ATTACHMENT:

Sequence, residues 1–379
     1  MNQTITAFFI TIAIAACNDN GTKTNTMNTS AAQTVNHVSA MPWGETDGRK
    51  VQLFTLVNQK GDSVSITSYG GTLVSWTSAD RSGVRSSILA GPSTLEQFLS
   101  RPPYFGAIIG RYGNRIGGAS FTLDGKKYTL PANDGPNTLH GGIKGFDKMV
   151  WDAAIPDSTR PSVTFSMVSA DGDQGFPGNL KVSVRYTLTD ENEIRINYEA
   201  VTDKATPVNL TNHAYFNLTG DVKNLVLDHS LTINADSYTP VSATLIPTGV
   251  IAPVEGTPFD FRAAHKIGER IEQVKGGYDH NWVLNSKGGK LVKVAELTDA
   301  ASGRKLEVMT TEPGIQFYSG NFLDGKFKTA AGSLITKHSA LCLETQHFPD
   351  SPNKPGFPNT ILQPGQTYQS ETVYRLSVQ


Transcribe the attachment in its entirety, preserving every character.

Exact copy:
Sequence, residues 1–379
     1  MNQTITAFFI TIAIAACNDN GTKTNTMNTS AAQTVNHVSA MPWGETDGRK
    51  VQLFTLVNQK GDSVSITSYG GTLVSWTSAD RSGVRSSILA GPSTLEQFLS
   101  RPPYFGAIIG RYGNRIGGAS FTLDGKKYTL PANDGPNTLH GGIKGFDKMV
   151  WDAAIPDSTR PSVTFSMVSA DGDQGFPGNL KVSVRYTLTD ENEIRINYEA
   201  VTDKATPVNL TNHAYFNLTG DVKNLVLDHS LTINADSYTP VSATLIPTGV
   251  IAPVEGTPFD FRAAHKIGER IEQVKGGYDH NWVLNSKGGK LVKVAELTDA
   301  ASGRKLEVMT TEPGIQFYSG NFLDGKFKTA AGSLITKHSA LCLETQHFPD
   351  SPNKPGFPNT ILQPGQTYQS ETVYRLSVQ